Suicide - Research Article from Encyclopedia of Religion

This encyclopedia article consists of approximately 20 pages of information about Suicide.
This section contains 5,717 words
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Ancient Greek and Roman Civilization

While the ancient Greek writers and philosophers did not consider suicide an action that would lead to a better existence, they did see it as an appropriate response to certain circumstances. The fact that Jocasta, the mother of Oedipus, chose to commit suicide upon learning of her incestuous relationship with her son was understood and appreciated by the ancients as an appropriate response to a disastrous situation. Heroic suicide in the face of a superior enemy and the choice of death to avoid dishonor or the agony of a lengthy terminal illness were accepted as justifiable actions. Through the voice of Socrates, Plato in his Phaedo did much to form the classical attitude toward suicide. Socrates himself chose to drink the hemlock, but he also affirmed the Orphic notions that humans are placed in a prison from which they may not release themselves and...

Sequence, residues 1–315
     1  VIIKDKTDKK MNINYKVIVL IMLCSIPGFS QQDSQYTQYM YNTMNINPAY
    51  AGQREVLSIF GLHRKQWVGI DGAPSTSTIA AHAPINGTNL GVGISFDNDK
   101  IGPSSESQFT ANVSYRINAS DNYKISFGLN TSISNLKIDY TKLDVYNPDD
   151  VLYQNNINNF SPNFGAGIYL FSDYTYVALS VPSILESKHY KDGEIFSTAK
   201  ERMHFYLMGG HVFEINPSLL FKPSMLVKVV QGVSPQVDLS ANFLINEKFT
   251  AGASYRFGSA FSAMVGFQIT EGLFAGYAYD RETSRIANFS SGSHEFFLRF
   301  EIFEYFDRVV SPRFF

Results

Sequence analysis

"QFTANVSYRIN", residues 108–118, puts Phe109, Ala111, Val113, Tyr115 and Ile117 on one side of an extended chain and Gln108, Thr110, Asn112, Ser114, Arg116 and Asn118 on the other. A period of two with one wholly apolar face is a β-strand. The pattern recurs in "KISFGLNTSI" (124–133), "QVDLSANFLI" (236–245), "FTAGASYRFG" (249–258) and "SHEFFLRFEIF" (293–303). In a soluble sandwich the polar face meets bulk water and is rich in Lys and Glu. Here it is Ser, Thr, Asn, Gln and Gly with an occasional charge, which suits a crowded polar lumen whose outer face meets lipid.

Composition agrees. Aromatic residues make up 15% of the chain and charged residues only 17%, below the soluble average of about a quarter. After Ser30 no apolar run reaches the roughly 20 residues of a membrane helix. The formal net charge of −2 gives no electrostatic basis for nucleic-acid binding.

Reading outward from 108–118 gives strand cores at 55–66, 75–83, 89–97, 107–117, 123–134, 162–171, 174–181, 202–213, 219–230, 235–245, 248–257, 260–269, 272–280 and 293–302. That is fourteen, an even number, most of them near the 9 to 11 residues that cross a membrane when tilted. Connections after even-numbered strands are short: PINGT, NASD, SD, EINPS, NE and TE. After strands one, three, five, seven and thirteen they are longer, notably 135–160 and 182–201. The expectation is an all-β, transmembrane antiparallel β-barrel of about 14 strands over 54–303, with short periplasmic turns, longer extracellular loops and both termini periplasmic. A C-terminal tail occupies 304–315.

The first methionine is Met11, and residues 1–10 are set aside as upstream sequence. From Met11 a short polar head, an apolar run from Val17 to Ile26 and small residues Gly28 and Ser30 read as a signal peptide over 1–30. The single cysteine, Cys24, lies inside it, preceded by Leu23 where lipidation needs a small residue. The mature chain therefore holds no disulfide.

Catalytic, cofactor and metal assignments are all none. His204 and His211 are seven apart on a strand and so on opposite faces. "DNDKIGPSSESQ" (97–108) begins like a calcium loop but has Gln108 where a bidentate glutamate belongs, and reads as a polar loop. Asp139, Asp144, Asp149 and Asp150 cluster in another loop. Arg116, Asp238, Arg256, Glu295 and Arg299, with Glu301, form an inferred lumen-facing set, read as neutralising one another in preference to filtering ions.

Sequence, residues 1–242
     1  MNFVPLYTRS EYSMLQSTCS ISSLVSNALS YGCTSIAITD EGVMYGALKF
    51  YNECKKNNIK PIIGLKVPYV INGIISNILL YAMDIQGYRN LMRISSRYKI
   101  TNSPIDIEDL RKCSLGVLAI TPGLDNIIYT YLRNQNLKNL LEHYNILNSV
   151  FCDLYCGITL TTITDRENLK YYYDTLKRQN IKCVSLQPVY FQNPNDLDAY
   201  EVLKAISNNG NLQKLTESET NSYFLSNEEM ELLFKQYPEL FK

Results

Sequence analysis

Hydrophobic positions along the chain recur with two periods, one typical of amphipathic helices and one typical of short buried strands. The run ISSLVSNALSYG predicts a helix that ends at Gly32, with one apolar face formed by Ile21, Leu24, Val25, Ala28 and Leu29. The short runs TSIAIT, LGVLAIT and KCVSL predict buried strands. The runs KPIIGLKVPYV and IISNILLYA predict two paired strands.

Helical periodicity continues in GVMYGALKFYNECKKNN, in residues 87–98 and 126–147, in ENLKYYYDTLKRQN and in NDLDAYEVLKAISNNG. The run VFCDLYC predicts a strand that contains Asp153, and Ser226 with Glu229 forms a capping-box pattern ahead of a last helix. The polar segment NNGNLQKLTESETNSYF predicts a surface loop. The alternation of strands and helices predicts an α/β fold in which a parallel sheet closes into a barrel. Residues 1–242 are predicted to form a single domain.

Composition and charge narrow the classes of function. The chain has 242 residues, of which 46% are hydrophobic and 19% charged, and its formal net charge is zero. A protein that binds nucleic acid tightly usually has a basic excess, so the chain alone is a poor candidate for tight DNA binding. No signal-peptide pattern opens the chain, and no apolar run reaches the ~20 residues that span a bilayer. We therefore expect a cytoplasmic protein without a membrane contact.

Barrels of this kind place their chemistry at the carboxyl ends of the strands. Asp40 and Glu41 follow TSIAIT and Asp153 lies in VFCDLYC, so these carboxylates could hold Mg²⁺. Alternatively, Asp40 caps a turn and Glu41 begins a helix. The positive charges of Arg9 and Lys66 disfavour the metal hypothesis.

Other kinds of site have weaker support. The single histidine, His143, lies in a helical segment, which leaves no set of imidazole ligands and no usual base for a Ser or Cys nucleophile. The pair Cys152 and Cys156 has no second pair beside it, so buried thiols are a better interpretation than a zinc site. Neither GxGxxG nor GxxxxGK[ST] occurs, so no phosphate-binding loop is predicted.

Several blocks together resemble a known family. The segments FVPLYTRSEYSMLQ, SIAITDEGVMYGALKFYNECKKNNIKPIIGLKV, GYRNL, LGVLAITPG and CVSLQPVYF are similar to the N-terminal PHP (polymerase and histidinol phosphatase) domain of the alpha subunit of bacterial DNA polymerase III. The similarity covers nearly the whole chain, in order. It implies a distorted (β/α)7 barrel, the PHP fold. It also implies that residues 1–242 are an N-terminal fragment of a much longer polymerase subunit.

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This section contains 5,717 words
(approx. 20 pages at 300 words per page)
Buy the Suicide Encyclopedia Article
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Encyclopedia of Religion
Suicide from Encyclopedia of Religion. Copyright © 2001-2006 by Macmillan Reference USA, an imprint of the Gale Group. All rights reserved.
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